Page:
Lawyers Journal

CJ Ireland: Judiciary at 
turning point

In his first address to the legal community since his confirmation as the chief justice of the Supreme Judicial Court last year, Roderick L. Ireland spoke of his hopes for the judicial branch -- including adequate funding -- and reaffirmed his commitment to the priorities he established in December.

"The judicial branch is at a turning point," he said at the Massachusetts Bar Association's annual Bench-Bar Symposium at the John Adams Courthouse in Boston on Oct. 13. "How we in the judiciary handle these changes will affect the quality of justice in the commonwealth for years to come. We cannot be paralyzed by unfolding events, but must embrace them as new opportunities."

The judiciary's budget woes was the first topic Ireland addressed in his speech. He shared the positive news that earlier in October, the House of Representatives proposed, and the Senate agreed to, a supplemental appropriation for the Trial Court. Ireland thanked House Speaker Robert DeLeo and Senate President Therese Murray for their support of the bill, and expressed his hope that Gov. Deval Patrick would approve the appropriation, which he did Oct. 27.

"Legislative support for funding a fair, efficient and accessible system of justice is particularly noteworthy in this time of severe fiscal restraint," he said. "Fiscal year 2012 and beyond will continue to present many challenges for the courts."

At his swearing-in ceremony in December 2010, Ireland established three priorities for the judiciary: building bridges to the courts' constituencies; making the courts more accessible to the public; and educating the public, particularly the youth, about the role of the courts. He revisited those goals during his address at the Bench-Bar Symposium.

Building bridges

To Ireland, "building bridges" means that "everyone in Massachusetts has a stake in the fair and efficient administration of justice, [and] everyone has a role to play in securing that result," he said.

He spoke of the court management legislation passed in August, the orientation session with freshman legislators and ongoing efforts on behalf of the judiciary to reach out to and connect with the governor and the Legislature. Of the latter, he said, "the three branches may not always see eye-to-eye on what is best for the court system, but we all want what is best for the people of the commonwealth, and the groundwork for mutual trust and cooperation is strong."

He also spoke directly to the court staff, acknowledging that "there are fewer of you, and … you are being asked to do more and more with fewer resources … You are the unsung heroes of the judicial branch. Without you, our system of justice would grind to a halt."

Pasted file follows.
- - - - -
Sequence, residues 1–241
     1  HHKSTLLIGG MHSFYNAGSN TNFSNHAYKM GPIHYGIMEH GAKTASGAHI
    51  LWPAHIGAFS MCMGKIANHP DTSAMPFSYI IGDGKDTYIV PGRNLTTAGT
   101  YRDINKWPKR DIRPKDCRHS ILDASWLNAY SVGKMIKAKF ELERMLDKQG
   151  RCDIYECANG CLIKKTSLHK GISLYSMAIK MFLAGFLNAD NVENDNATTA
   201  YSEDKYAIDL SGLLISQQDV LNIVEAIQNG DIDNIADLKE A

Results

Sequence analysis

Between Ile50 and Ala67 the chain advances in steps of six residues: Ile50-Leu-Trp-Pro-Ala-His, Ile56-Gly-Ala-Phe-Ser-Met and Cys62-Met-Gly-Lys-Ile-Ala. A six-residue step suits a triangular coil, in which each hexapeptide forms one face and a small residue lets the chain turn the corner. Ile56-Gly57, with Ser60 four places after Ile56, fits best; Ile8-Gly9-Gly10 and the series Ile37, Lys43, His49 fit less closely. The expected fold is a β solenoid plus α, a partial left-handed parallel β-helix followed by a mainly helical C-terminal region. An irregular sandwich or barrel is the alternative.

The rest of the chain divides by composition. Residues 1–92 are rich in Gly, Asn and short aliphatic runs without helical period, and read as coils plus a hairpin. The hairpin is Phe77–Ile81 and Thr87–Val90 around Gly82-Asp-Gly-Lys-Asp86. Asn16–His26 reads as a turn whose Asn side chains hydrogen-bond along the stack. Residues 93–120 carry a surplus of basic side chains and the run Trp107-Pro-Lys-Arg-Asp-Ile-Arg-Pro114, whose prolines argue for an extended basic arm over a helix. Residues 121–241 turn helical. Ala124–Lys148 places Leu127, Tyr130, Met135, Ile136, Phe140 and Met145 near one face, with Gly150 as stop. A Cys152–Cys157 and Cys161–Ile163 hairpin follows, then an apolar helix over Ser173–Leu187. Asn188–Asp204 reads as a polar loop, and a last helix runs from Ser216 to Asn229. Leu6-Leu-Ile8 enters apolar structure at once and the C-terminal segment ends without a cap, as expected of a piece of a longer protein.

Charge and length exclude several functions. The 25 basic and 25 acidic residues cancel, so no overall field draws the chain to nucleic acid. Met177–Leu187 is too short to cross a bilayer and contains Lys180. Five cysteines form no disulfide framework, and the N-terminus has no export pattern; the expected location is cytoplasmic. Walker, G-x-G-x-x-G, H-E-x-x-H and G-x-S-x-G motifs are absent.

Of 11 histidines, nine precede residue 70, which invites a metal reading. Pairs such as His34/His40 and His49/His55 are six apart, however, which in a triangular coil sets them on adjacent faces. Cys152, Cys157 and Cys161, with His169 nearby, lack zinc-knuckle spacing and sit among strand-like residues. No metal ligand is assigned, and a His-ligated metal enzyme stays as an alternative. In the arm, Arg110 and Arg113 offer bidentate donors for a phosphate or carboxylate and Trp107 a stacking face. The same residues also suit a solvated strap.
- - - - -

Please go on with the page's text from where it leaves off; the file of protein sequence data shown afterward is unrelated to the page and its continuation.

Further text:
Access to justice

Ireland said the judicial branch "must provide justice to the community as we find it, not the community as we once knew it or the community we might wish it to be."

A huge number of people come to the courts without a lawyer, terrified of losing custody of their children or possession of their house or apartment. Many do not speak English, or do not speak it well.

"It is not the job of these litigants, or any litigants, to make it easy for judges and court staff," Ireland said. "It is the duty of the judicial branch to make our courts more welcoming … We must make it possible for those who have been historically underserved to find justice."

To that end, he said, information desks in three courthouses, and more to come, are staffed with volunteers who connect court users with attorney referral lists and provide education about limited assistance representation. But there are not enough lawyers to go around, and some will want to represent themselves for other reasons. To serve those litigants, the Trial Court has received a grant from the State Justice Institute to translate small claims forms into multiple languages, and the Probate and Family Court financial statement is now available in Spanish and Portuguese.

"We cannot let fiscal constraints stop us from broadening access to justice, and what is good for unrepresented litigants is good for attorneys, and good for the administration of justice," he said. "Making the Massachusetts court system more user-friendly is not only a matter of equal justice, it's just plain good business practice."

Educating the public

"We find ourselves at a time when few people can correctly identify the three branches of government," Ireland said. "There is widespread public misunderstanding about the role of judges and the importance of an independent judiciary. I want to make the judicial branch a force in civic education, particularly about the role of the courts and the rule of law, and especially for young people."

The many programs offered at the John Adams Courthouse, through the MBA's Tiered Mentoring Program, through the Judicial Youth Corps and other organizations, are enriching the legal profession "in an era of increasing social, cultural and economic diversity," he said.

In his concluding remarks, Ireland said he has been chief justice for less than a year, but a judge in Massachusetts for nearly 35 years.

"I can think of no higher honor, nor anything more humbling, than to serve the people of this commonwealth by delivering justice and upholding the rule of law," he said. "I am hopeful and confident that the courts will weather these difficult economic times, because every day I see people of good will working so hard to keep our courts strong."

Cassidy Murphy is associate editor of custom publications for The Warren Group, publisher of Massachusetts Lawyers Journal.

©2017 Massachusetts Bar Association